In Britain, by some measures, anti-Semitic attitudes are less; "only" 10% of Britons would be upset to have a Jew in their family, according to one 2015 poll. Nevertheless, anti-Israel sentiments seem to be pushing ever more extreme bounds of anti-Jewish discourse.

Anti-Israel feelings run very high in Britain. A 2013 global survey found that Israel was the fourth most negatively viewed nation. (Only Iran, Pakistan and North Korea were worse.) Britons led the pack in negative attitudes towards the Jewish state: fully 72% said they felt negatively about Israel. Against this backdrop of relentless criticism, it became acceptable for a major politician to call for part of Britain to be an "Israeli-free" zone. George Galloway, MP for the city of Bradford, declared that Israelis weren't welcome in his constituency – and then, when he was questioned about his outrageous statement, defended them openly and repeatedly. "We don't want any Israeli goods, we don't want any Israeli services, we don't want any Israeli academics coming to the university or the college, we don't even want any Israeli tourists to come to Bradford, even if any of them had thought of doing so," the MP declared.

In Belgium, the owner of a Liege cafe who posted a sign that dogs were welcome but Jews were banned was investigated by the police in 2014 – but elsewhere in the country, Belgian schools are increasingly becoming Jew-free zones. When the last Jewish student withdrew from a central Brussels high school – she received hundreds of negative comments and threats after posting a photo of herself with an Israeli flag on facebook – Joel Rubinfeld, President of the Belgian League Against Anti-Semitism, warned that the school – and others like it – "had become Judenfrei, there are no more Jews there". Facing relentless, low-level anti-Semitism, Belgian's Jewish families are leaving the country in ever-increasing numbers to move to Israel or, when they stay, withdrawing their children from public schools where hostility towards Jews is increasingly the norm.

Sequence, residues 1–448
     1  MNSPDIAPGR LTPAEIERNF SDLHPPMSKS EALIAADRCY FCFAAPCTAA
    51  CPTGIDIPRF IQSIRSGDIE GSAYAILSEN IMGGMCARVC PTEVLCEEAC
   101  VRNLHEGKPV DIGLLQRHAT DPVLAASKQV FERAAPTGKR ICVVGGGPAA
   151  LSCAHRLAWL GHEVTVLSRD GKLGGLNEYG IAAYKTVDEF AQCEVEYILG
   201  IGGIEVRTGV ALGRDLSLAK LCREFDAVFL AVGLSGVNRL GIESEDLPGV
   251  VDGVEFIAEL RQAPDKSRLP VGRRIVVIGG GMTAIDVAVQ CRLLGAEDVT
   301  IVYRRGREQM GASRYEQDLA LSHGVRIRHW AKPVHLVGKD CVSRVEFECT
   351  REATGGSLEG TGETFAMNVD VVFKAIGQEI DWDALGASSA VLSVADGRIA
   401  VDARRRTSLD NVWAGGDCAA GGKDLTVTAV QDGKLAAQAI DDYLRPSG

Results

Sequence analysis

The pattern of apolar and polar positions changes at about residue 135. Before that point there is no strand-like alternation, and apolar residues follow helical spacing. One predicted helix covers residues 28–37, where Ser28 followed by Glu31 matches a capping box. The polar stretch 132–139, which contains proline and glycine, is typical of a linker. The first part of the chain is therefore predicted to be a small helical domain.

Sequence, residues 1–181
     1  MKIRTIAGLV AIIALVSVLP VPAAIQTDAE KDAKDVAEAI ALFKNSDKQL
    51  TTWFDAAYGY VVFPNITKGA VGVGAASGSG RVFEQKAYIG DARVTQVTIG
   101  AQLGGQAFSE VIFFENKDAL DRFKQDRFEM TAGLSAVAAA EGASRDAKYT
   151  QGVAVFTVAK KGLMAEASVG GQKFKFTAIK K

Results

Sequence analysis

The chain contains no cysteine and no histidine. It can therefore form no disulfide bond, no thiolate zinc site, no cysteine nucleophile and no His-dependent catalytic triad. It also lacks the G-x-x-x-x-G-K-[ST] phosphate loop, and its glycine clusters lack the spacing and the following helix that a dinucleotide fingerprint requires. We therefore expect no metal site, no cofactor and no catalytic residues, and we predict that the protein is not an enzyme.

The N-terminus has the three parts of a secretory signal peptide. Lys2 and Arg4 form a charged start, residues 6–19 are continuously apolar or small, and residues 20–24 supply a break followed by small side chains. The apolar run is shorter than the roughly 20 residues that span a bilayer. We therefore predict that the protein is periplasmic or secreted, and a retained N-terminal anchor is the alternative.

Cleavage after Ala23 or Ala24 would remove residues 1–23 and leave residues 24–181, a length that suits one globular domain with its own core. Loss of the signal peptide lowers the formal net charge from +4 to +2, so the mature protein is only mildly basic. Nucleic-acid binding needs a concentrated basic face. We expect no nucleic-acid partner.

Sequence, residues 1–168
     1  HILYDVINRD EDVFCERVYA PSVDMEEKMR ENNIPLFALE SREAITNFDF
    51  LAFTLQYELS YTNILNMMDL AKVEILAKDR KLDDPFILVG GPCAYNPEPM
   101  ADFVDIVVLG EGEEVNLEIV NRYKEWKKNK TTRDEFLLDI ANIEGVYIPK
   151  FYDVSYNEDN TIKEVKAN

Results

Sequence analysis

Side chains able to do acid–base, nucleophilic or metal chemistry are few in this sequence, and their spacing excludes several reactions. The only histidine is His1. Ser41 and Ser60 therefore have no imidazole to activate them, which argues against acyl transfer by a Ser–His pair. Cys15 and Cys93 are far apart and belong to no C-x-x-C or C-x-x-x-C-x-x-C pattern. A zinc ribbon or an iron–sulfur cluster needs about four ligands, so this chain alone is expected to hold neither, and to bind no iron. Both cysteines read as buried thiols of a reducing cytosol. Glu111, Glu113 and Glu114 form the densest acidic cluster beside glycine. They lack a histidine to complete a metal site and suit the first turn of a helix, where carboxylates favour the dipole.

In 2014, the Deputy Speaker of Sweden's Parliament faced criticism when he advised Jews to "leave" their Jewish identity if they wished to become good Swedes, but he was hardly alone. Malmo, Sweden's third largest city, has seen an explosion of anti-Jewish and anti-Israel activity. The city's annual Israel Apartheid Week is housed in a building owned and administered by the town, at no charge, and the municipality has given official support to Isolate Israel, a group that inspects Swedish businesses and "helps" them become Israel-free in their goods and services.

Perhaps unsurprisingly, dozens of anti-Semitic attacks are now reported in the town each year, and the community's already-small Jewish population is shrinking further. A much-viewed 2013 video of a reporter walking Malmo's streets wearing a kippah showed him subject to suspicious stares and negative comments. A 2015 repeat of the same experiment – shown on Swedish Public Television – showed aggressive threats, warnings to leave (both menacing and from bystanders who wished to spare the reporter harm), and – eventually – the reporter fleeing, running for his life.

Seventy years after the Holocaust, it seems incredible that parts of Europe are once again becoming Jew-free zones. While Jewish life is flourishing in many parts of Europe, for much of the continent, it is retreating in the face of relentless anti-Israel and anti-Jewish hatred.